Initial hypoglycemia and neonatal brain injury in term infants with severe fetal acidemia

Walid A. Salhab, Myra H. Wyckoff, Abbot R. Laptook, Jeffrey M. Perlman

Research output: Contribution to journalArticle

129 Citations (Scopus)

Abstract

Objective. To determine the potential contribution of initial hypoglycemia to the development of neonatal brain injury in term infants with severe fetal acidemia. Methods. A retrospective chart review was conducted of 185 term infants who were admitted to the neonatal intensive care unit between January 1993 and December 2002 with an umbilical arterial pH <7.00. Short-term neurologic outcome measures include death as a consequence of severe encephalopathy and evidence of moderate to severe encephalopathy with or without seizures. Hypoglycemia was defined as an initial blood glucose ≤40 mg/dL. Results. Forty-one (22%) infants developed an abnormal neurologic outcome, including 14 (34%) with severe hypoxic ischemic encephalopathy who died, 24 (59%) with moderate to severe hypoxic ischemic encephalopathy, and 3 (7%) with seizures. Twenty-seven (14.5%) of the 185 infants had an initial blood sugar ≤40 mg/dL. Fifteen (56%) of 27 infants with a blood sugar ≤40 mg/dL versus 26 (16%) of 158 infants with a blood sugar >40 mg/dL had an abnormal neurologic outcome (odds ratio [OR]: 6.3; 95% confidence interval [CI]: 2.6-15.3). Infants with abnormal outcomes and a blood sugar ≤40 mg/dL versus >40 mg/dL had a higher pH (6.86 ± 0.07 vs 6.75 ± 0.09), a lesser base deficit (-19 ± 4 vs -23.8 ± 4 mEq/L), and lower mean arterial blood pressure (34 ± 10 vs 45 ± 14 mm Hg), respectively. There was no difference between groups in the proportion of infants who required cardiopulmonary resuscitation (7 [46%] vs 15 [57%]) and those with a 5-minute Apgar score <5 (11 [73%] vs 22 [85%]). By multivariate logistic analysis, 4 variables were significantly associated with abnormal outcome: initial blood glucose ≤40 mg/dL versus >40 mg/dL (OR: 18.5; 95% CI: 3.1-111.9), cord arterial pH ≤6.90 versus >6.90 (OR: 9.8; 95% CI: 2.1-44.7), a 5-minute Apgar score ≤5 versus >5 (OR: 6.4; 95% CI: 1.7-24.5), and the requirement for intubation with or without cardiopulmonary resuscitation versus neither (OR: 4.7; 95% CI: 1.2-17.9). Conclusion. Initial hypoglycemia is an important risk factor for perinatal brain injury, particularly in depressed term infants who require resuscitation and have severe fetal acidemia. It remains unclear, however, whether earlier detection of hypoglycemia, such as in the delivery room, in this population could modify subsequent neurologic outcome.

Original languageEnglish (US)
Pages (from-to)361-366
Number of pages6
JournalPediatrics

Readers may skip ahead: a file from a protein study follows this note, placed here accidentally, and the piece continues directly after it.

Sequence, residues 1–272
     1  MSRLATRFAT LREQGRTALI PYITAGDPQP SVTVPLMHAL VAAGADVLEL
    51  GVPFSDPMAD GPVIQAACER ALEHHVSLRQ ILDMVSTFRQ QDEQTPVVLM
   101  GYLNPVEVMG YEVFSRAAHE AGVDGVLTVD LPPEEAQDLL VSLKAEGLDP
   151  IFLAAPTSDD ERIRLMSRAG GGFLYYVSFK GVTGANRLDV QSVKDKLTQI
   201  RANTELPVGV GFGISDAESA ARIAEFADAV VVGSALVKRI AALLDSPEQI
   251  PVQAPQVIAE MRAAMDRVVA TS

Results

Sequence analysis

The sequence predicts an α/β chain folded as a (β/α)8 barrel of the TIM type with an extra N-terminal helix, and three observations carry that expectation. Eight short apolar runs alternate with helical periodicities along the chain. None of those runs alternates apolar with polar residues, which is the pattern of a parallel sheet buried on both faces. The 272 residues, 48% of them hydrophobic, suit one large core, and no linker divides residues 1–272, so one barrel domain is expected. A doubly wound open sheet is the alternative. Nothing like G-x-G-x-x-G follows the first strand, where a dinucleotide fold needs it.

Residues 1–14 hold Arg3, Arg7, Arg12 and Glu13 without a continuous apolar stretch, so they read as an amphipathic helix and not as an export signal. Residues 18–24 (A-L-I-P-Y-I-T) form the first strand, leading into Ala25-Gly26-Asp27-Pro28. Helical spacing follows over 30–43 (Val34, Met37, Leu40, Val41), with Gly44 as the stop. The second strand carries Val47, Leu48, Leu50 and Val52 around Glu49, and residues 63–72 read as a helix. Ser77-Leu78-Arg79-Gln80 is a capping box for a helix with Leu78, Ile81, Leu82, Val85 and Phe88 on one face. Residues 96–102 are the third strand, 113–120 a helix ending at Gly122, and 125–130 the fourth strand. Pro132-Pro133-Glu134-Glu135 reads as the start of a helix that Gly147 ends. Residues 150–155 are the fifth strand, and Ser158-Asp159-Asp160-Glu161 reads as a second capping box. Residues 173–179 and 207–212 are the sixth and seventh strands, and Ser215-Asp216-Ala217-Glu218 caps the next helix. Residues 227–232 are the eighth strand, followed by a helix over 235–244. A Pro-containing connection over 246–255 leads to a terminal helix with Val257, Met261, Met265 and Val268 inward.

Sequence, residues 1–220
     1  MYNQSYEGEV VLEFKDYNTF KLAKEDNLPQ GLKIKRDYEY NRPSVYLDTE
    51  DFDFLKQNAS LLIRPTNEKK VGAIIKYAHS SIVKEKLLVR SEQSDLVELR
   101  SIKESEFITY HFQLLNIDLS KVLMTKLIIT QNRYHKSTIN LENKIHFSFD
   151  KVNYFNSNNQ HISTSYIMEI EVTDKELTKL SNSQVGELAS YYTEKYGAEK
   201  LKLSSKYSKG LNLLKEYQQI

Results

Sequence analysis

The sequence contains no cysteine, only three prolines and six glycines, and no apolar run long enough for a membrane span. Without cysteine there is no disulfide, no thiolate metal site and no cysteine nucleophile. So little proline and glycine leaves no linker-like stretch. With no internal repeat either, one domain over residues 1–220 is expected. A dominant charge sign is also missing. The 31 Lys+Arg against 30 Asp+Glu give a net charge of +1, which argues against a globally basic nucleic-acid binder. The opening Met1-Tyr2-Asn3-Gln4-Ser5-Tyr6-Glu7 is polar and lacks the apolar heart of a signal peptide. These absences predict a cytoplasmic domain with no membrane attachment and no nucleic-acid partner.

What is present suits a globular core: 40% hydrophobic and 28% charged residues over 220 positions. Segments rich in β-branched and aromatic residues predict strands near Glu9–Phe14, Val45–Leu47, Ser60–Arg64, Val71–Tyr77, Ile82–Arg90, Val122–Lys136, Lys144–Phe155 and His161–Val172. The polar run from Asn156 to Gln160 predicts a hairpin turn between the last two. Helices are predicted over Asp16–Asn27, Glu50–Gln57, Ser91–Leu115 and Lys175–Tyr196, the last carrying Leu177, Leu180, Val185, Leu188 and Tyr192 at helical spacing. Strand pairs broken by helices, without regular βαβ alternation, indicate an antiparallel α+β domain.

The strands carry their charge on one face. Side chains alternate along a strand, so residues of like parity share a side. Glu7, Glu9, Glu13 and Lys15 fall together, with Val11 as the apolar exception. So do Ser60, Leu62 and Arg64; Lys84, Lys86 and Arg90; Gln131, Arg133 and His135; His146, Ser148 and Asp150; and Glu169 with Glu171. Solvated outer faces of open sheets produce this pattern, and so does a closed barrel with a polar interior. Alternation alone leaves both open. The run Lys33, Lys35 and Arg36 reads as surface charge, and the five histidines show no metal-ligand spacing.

Volume114
Issue number2 I
DOIs
StatePublished - Aug 2004

Fingerprint

Hypoglycemia
Brain Injuries
Odds Ratio
Confidence Intervals
Apgar Score
Cardiopulmonary Resuscitation
Nervous System
Arterial Pressure
Delivery Rooms
Umbilicus
Neonatal Intensive Care Units
Intubation
Resuscitation
Blood Glucose
Population

Keywords

  • Hypoglycemia
  • Hypoxic ischemic encephalopathy
  • Neonatal brain injury
  • Severe fetal acidemia
  • Term infants

ASJC Scopus subject areas

  • Pediatrics, Perinatology, and Child Health

Cite this

Initial hypoglycemia and neonatal brain injury in term infants with severe fetal acidemia. / Salhab, Walid A.; Wyckoff, Myra H.; Laptook, Abbot R.; Perlman, Jeffrey M.

In: Pediatrics, Vol. 114, No. 2 I, 08.2004, p. 361-366.

Research output: Contribution to journalArticle

Salhab, Walid A. ; Wyckoff, Myra H. ; Laptook, Abbot R. ; Perlman, Jeffrey M. / Initial hypoglycemia and neonatal brain injury in term infants with severe fetal acidemia. In: Pediatrics. 2004 ; Vol. 114, No. 2 I. pp. 361-366.
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abstract = "Objective. To determine the potential contribution of initial hypoglycemia to the development of neonatal brain injury in term infants with severe fetal acidemia. Methods. A retrospective chart review was conducted of 185 term infants who were admitted to the neonatal intensive care unit between January 1993 and December 2002 with an umbilical arterial pH <7.00. Short-term neurologic outcome measures include death as a consequence of severe encephalopathy and evidence of moderate to severe encephalopathy with or without seizures. Hypoglycemia was defined as an initial blood glucose ≤40 mg/dL. Results. Forty-one (22{\%}) infants developed an abnormal neurologic outcome, including 14 (34{\%}) with severe hypoxic ischemic encephalopathy who died, 24 (59{\%}) with moderate to severe hypoxic ischemic encephalopathy, and 3 (7{\%}) with seizures. Twenty-seven (14.5{\%}) of the 185 infants had an initial blood sugar ≤40 mg/dL. Fifteen (56{\%}) of 27 infants with a blood sugar ≤40 mg/dL versus 26 (16{\%}) of 158 infants with a blood sugar >40 mg/dL had an abnormal neurologic outcome (odds ratio [OR]: 6.3; 95{\%} confidence interval [CI]: 2.6-15.3). Infants with abnormal outcomes and a blood sugar ≤40 mg/dL versus >40 mg/dL had a higher pH (6.86 ± 0.07 vs 6.75 ± 0.09), a lesser base deficit (-19 ± 4 vs -23.8 ± 4 mEq/L), and lower mean arterial blood pressure (34 ± 10 vs 45 ± 14 mm Hg), respectively. There was no difference between groups in the proportion of infants who required cardiopulmonary resuscitation (7 [46{\%}] vs 15 [57{\%}]) and those with a 5-minute Apgar score <5 (11 [73{\%}] vs 22 [85{\%}]). By multivariate logistic analysis, 4 variables were significantly associated with abnormal outcome: initial blood glucose ≤40 mg/dL versus >40 mg/dL (OR: 18.5; 95{\%} CI: 3.1-111.9), cord arterial pH ≤6.90 versus >6.90 (OR: 9.8; 95{\%} CI: 2.1-44.7), a 5-minute Apgar score ≤5 versus >5 (OR: 6.4; 95{\%} CI: 1.7-24.5), and the requirement for intubation with or without cardiopulmonary resuscitation versus neither (OR: 4.7; 95{\%} CI: 1.2-17.9). Conclusion. Initial hypoglycemia is an important risk factor for perinatal brain injury, particularly in depressed term infants who require resuscitation and have severe fetal acidemia. It remains unclear, however, whether earlier detection of hypoglycemia, such as in the delivery room, in this population could modify subsequent neurologic outcome.",